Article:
Flat flat flat Pt/Pd prints. Is EDTA a solution?

Discussion in 'Alternative Processes' started by sly, Jul 26, 2011.

  1. sly

    sly Subscriber

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    I've been finding lately that I need to add alot of Na2 to my solution to get any contrast in my prints. My dmax is crappy, and I'm having a hard time figuring out why good looking negs are making such bad prints. Cot 320 used to work so nicely for me.

    Took some negs specifically for high contrast (thinking carbon as a possibility as well) Overdeveloped them. Figured at least some of them should print without any Na2. Did some test strips today - looked terrific! Made 4 prints and they look as flat as undercooked pancakes. What????

    What's different? Well the most obvious thing is that my test prints are done using the back of previous crappy prints. Cot 320 in all cases. The bad prints/future test strips were all put through 3 clearing baths of EDTA, and then washed (our well water is alkaline) along with the few decent prints from previous sessions.

    Shoud I take all my Cot 320 and put it through EDTA and a wash before I try to make any more prints? Any other ideas from any of you bright folks who have a better grasp of the chemistry of all this than I do? Thanks
     
  2. DennyS

    DennyS Member

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    Same batch of Cot 320?
     
  3. sly

    sly Subscriber

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    I believe so. I bought a whack of it from B&S last year when they announced they wouldn't be selling it anymore. If there was more than one batch in the order they sent, then I'm hooped.
     
  4. DennyS

    DennyS Member

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    You might learn something from printing one of the negs on an alternative paper. I'm finding Stonehenge to be pretty consistent, I pre-treat with 3% oxalic acid for 5 min and drip dry. It's a cheap experiment, and it might give some indication if the problem is with the Cot 320. And you might like the Stonehenge...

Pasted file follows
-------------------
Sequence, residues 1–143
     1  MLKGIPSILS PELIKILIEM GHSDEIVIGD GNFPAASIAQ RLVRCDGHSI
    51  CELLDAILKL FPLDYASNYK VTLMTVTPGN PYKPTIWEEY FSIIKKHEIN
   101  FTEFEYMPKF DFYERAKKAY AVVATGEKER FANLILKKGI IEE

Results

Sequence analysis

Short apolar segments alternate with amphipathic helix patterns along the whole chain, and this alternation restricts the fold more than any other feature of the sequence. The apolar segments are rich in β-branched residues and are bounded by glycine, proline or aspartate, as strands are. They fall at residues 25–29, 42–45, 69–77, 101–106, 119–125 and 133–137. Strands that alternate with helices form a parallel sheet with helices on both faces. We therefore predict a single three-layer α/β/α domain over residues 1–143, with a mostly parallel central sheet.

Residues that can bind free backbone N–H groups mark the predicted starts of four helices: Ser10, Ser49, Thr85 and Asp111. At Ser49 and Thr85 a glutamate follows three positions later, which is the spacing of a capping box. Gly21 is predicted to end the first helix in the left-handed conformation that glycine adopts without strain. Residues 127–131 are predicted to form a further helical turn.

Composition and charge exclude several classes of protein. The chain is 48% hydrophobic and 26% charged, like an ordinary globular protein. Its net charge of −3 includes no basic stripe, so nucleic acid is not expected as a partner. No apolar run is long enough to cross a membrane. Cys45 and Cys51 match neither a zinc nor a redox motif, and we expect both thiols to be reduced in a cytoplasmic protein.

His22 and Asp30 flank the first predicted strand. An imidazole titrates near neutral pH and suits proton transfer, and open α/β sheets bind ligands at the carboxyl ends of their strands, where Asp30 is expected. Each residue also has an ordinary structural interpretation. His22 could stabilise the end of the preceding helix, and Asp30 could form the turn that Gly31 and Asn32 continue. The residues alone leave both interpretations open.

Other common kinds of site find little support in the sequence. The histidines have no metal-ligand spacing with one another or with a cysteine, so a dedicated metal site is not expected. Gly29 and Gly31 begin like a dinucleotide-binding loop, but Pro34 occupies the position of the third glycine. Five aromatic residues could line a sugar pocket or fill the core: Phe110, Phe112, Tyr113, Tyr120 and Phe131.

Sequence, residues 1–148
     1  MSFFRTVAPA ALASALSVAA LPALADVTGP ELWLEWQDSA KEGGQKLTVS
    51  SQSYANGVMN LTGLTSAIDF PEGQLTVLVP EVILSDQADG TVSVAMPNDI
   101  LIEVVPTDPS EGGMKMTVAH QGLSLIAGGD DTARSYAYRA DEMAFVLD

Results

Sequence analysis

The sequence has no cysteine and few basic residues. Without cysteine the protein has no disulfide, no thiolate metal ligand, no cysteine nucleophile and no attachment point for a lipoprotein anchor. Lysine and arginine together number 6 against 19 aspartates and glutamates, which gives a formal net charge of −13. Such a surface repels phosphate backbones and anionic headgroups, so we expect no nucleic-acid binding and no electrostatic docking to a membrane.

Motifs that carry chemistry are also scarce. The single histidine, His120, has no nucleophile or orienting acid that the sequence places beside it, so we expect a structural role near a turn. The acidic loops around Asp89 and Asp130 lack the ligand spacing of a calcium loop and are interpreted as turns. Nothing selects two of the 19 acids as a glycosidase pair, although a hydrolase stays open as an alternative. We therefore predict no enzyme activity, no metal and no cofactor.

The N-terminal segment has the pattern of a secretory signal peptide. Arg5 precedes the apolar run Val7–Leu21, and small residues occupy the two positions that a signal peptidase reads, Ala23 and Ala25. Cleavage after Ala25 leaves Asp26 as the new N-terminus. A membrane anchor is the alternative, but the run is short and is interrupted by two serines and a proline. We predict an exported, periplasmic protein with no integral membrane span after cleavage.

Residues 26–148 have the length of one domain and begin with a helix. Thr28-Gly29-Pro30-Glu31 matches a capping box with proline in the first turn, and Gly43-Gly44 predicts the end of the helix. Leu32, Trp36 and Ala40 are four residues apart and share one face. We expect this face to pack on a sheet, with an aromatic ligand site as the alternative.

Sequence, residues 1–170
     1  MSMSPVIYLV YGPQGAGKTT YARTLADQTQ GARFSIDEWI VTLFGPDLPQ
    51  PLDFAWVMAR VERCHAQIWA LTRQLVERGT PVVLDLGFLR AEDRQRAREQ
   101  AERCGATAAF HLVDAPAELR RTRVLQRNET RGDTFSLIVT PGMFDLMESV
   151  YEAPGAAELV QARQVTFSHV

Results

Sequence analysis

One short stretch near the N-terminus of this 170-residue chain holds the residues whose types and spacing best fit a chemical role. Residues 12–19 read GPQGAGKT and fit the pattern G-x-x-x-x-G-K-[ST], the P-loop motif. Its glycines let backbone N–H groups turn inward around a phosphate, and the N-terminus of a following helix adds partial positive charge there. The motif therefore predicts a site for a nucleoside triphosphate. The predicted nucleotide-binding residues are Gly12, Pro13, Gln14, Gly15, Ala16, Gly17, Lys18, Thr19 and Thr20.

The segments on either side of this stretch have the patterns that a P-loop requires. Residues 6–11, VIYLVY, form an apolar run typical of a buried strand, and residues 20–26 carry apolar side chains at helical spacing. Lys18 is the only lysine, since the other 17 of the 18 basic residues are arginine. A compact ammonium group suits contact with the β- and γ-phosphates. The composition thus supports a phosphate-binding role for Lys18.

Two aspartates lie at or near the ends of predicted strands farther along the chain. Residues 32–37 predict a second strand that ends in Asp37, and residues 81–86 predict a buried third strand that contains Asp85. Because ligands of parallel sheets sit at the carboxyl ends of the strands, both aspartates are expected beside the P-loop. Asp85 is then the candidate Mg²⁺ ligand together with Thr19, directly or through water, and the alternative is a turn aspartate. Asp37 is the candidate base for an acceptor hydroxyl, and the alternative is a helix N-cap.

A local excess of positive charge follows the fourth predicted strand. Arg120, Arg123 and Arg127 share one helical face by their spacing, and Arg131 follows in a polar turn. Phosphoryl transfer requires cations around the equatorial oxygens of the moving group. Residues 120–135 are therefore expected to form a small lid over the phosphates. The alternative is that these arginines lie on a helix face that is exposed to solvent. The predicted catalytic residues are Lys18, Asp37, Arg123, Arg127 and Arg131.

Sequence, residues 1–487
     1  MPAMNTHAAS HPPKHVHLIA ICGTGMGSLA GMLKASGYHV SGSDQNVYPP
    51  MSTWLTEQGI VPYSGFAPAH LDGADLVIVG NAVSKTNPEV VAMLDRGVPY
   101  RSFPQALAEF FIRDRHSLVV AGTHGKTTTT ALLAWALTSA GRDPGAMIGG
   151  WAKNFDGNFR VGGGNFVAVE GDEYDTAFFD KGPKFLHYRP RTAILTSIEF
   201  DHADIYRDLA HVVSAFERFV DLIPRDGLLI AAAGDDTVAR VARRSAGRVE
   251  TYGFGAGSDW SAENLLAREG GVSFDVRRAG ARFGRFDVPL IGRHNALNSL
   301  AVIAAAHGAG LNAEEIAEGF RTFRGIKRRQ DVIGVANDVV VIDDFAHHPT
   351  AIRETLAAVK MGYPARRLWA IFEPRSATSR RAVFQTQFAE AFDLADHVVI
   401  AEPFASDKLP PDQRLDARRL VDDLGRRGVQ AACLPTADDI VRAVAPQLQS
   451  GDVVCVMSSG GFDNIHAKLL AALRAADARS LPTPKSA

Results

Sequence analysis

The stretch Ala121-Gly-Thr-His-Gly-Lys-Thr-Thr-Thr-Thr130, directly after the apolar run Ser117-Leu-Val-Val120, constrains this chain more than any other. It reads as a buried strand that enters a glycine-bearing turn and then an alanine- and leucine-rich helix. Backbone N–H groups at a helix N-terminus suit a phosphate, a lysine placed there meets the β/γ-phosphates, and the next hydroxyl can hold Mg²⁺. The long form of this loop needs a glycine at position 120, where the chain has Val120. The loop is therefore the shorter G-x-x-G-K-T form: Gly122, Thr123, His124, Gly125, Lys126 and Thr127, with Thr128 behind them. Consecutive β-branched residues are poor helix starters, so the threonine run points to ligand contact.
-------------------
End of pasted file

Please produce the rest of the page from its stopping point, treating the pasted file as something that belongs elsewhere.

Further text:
5. TheFlyingCamera

    TheFlyingCamera Membership Council Council

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    First, with COT320, there is definitely an A side and a B side - you need to print on the A side (the smoother side) to get best results. Second - how old is your FeOx? I had that problem with flat, ugly prints when my Ferric Oxalate sensitizer was going bad. Third, what developer are you using? PotOx? How old is your developer? Do you filter it often enough? Why do you suspect your clearing bath? It should not have that significant an impact on the contrast, mostly on the color of the print. If your highlights were remaining yellow/orange, then I would suspect a clearing problem. For a clearing bath, I add 3 oz of PermaWash to a gallon of the EDTA solution. This helps to clear the prints very quickly and consistently.
     
  6. sly

    sly Subscriber

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    1.The test strips - that look so nice - are on the B side.
    2.The FeOx was mixed in April, and has been refridgerated when not in use. Last year was the year I dealt with old FeOx, dumped it, got powder that wouldn't dissolve from a Canadian supplier, got my money back, and got good stuff from B&S.
    3. Developer is ammonium citrate. I'm not sure how old it is, but it was filtered before I put it back in the bottle the last time I was printing pt/pd. I forgot that I've got a bit of Pot Ox. I've not used it, as my sources say it is less contrasty. I assumed it wouldn't solve the problem.

    The test strips were done this afternoon, just before the crappy prints. I realised this problem has been going on for awhile, and was just very striking and obvious today. I've got lots of crappy prints frrom sessions this year, where the test strips had looked promising. I was thinking I was making errors - poor (too thin) application of solution, not counting the drops properly, or not crossing my fingers and whistling at the right time.

    I'm thinking of the clearing bath as the big difference between pretty test strips and flat prints is that the tests, in their previous incarnation, have been through the developer, EDTA, and washing. I'm not complaining that the EDTA is not working. I'm wondering if it is doing something to the paper that makes it work better.

    I'm including a side-by-side digisnap of a test strip and a nasty print. They're still wet, but cleared.
     

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  7. eclarke

    eclarke Member

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    I'd switch sides on the paper..
     
  8. doughowk

    doughowk Subscriber

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    The color differences between test & final would suggest different sensitizer ratios or temperatures of developer.
     
  9. R Shaffer

    R Shaffer Member

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    I think you've changed the paper on your test print. You've acidified it, broken down the internal sizing somewhat and I think there is a surface sizing on side A.

    I really like your test strip, lovely warmth & contrast. So you could try giving it a soak in EDTA, but that seems like a shame to pretreat a fine paper like COT.

    My guess would be that your test print would allow the sensitizer to absorb more deeply and hold on to the moisture better. So short of pretreating maybe a bit of tween or humidification.